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VOCs in Menstrual Pads and Cleaning Up Supply Chains

harmful chemicals found in menstrual pads

VOCs in Menstrual Pads and Cleaning Up Supply Chains

Director of Programs and Policy, Jamie McConnell
Jamie McConnell
Director of
 & Policy

Women’s Voices for the Earth recently tested menstrual pads for VOCs (volatile organic compounds) and detected emissions of reproductive toxins and carcinogens including styrene, chloroethane, methylene chloride, methyl ethyl ketone and toluene from the products. The results add to a body of testing of menstrual products, like pads and tampons, and helps fill out the picture of what ingredients or contaminants may be found in these products. This is necessary because manufacturers are not required to disclose the ingredients, making it difficult to know exactly what people are being exposed to in these products. Legislation recently passed in New York that’s awaiting the Governor’s signature for it to become law would change that by requiring the disclosure of intentionally added ingredients, including ingredients found in fragrance.

The levels WVE has detected in testing are in parts per billion (so a very small level), so it’s likely the presence of some of these chemicals are not intentionally added, but rather a result of contamination somewhere in the supply chain. The fact that the levels are so low doesn’t mean it’s not harmful—in fact there is little to no research on the impacts low levels of harmful chemicals may have on health, particularly from vaginal exposure and absorption.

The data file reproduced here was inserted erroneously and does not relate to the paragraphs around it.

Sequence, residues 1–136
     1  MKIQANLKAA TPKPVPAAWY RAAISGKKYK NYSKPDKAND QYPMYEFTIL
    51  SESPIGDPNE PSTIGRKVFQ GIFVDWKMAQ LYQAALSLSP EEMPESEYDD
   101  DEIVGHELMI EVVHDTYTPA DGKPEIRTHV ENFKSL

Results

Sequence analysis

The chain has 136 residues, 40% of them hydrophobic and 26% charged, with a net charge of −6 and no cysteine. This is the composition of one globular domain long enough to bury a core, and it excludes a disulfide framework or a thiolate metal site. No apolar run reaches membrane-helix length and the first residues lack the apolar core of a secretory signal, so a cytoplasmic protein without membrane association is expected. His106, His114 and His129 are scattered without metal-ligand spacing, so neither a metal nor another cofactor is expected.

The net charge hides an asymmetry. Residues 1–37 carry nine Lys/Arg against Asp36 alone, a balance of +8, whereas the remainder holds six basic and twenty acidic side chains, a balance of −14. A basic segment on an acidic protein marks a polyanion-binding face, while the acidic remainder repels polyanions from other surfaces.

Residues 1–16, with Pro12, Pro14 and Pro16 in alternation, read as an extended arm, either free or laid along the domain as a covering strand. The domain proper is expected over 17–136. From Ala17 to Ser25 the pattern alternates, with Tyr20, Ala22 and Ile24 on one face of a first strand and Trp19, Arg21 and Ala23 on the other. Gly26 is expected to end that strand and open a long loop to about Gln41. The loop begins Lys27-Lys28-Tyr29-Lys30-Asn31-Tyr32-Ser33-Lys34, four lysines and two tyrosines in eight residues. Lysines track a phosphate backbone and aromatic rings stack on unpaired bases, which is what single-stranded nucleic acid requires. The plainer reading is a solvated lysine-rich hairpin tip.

Testing reveals VOCs in menstrual pads

WVE’s testing results and the results of other testing underscore the need for companies to disclose what ingredients they use in these products AND the need to clean up the supply chain to help reduce contaminants. Some best practices for reducing contaminants may include:

  1. Use of ultrasonic cleaning methods to clean and sanitize manufacturing equipment instead of using cleaning products containing harsh solvents
  2. Testing packaging to ensure chemicals from plastics and other materials are not leaching into the product.
  3. Regularly testing product batches for the presence of harmful chemicals to help identify the source of contamination
  4. Requiring ingredient transparency from suppliers to help identify potential contaminants
  5. Sharing best practices with other companies to help create an industry-wide standard

There are likely many more steps companies can take to reduce contaminants, which is why it is critical companies share best practices with one another to help reduce this industry-wide problem. Harmful chemicals were also found in “green” brands so the issue isn’t just confined to conventional manufacturers.

It shouldn’t be the responsibility of advocacy organizations like Women’s Voices for the Earth to identify and raise concerns about these issues—the responsibility should lay with the manufacturers to routinely test their products and have a chemical screening process that reduces or eliminates the use of harmful ingredients and presence of toxic contaminants.

The victory in New York will give consumer more information about what ingredients they may be exposed to, but the solution doesn’t stop with disclosure. Companies need to address these supply chain issues to ensure the safety of their products.

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